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Meet Breton Vivian

Today we’d like to introduce you to Breton Vivian.

Breton, please share your story with us. How did you get to where you are today?
Before I was a film composer, I played guitar in a hardcore band in Brighton, England. My love of classical and film music was always a separate passion and for a while, I thought my career was going to be playing in bands. Eventually, my love for composing took over and in 2014 I ended up applying to USC’s film scoring program. Three months after being accepted to the course, my now-wife and I got married, sold all our belongings and boarded a plane to LA. We’ve been here ever since. After graduating I spent a year doing odd jobs until I eventually started working for Brian Tyler. Working for Brian has been an incredible experience and evolved into me writing on the tv show Yellowstone for Paramount. I was also fortunate enough to co-compose with him on the feature film Five Feet Apart.

Has it been a smooth road?
I think that everyone in this industry feels the pressure when trying to create a career path for themselves. I’ve certainly experienced this pressure, but I’ve also had the incredible opportunity to work on some amazing projects. Simply putting in the hard work doesn’t necessarily guarantee a career and so I’m really grateful that things seem to be moving in the right direction for me.

This past year, in particular, has been one of real highs and lows. During the more difficult times, I found that listening and creating music was the one thing I could really understand and make sense of. In a way, music really helped me focus and get through the tougher moments one day at a time and so I’m beyond fortunate to be able to have a career in it as well.

We’d love to hear more about your work.
I really enjoy recording as many live instruments as I can and experimenting with them to create something a bit different. For Yellowstone, we were told not to use percussion and so the challenge with that score was to include percussive sounding effects without using drums. A lot of these percussive sounds created for it were made by things like playing cello like a guitar, aggressively bowing a bouzouki, repitching mandolin and guitars, etc.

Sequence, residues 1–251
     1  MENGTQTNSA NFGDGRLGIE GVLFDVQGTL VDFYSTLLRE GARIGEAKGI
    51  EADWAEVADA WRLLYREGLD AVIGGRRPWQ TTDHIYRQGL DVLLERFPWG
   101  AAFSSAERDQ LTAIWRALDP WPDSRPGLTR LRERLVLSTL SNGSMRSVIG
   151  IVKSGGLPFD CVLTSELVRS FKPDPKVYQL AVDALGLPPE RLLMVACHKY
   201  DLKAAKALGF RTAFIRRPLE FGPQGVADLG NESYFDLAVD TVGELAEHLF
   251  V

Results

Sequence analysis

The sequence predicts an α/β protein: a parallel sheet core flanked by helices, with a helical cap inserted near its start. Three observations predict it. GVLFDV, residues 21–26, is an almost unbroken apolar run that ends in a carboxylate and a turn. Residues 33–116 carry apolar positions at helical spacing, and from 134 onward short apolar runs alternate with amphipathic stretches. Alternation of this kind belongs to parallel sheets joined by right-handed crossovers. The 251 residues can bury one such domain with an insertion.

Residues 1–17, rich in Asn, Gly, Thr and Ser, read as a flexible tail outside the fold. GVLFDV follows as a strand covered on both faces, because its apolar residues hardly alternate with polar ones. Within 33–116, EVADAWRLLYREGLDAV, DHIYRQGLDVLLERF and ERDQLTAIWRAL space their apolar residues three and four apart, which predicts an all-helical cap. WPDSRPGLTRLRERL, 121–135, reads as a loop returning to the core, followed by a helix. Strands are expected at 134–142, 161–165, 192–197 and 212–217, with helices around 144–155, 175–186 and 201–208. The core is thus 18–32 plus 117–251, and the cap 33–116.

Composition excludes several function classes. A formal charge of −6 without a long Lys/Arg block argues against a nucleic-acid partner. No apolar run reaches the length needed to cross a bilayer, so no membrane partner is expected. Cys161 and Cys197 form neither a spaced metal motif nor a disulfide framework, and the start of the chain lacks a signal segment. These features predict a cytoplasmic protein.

The projects narrative also tends to be the driving force behind a lot of this experimentation. For Five Feet Apart, a story about teens living with cystic fibrosis, we wanted to musically highlight the imperfections of life and ground the score in a realism. The way we approached this was by manipulating the music and audio to introduce subtle flaws. For example we would record the music through cheap lo-fi samplers and intentionally leave in the “hiss” and over-saturation. We would also send audio through guitar pedals to warble the pitch or create endless noise loops as ambient sound beds. I’ve found that going into a project with this mindset of exploration is really inspirational and helps me to build on that creativity. It also makes the process of writing a lot more fluid and less of a concentration on the amount I need to write.

Is our city a good place to do what you do?
One of the reasons I moved out to LA was because of the opportunities it has to work within the film scoring industry. I have friends who also immigrated to LA and they speak of how tough it was to build a career within their home countries. However, I’ve always felt that London was a viable option for me. Immigrating to another country comes at a cost, financially and mentally, so I think it’s best to know for certain that you can’t make a viable career wherever you are before deciding on such a big change. I personally feel that moving to LA was the right choice for me and I really love the filmmaking and scoring history that exists out here.

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Image Credit:
Aris Stoulil

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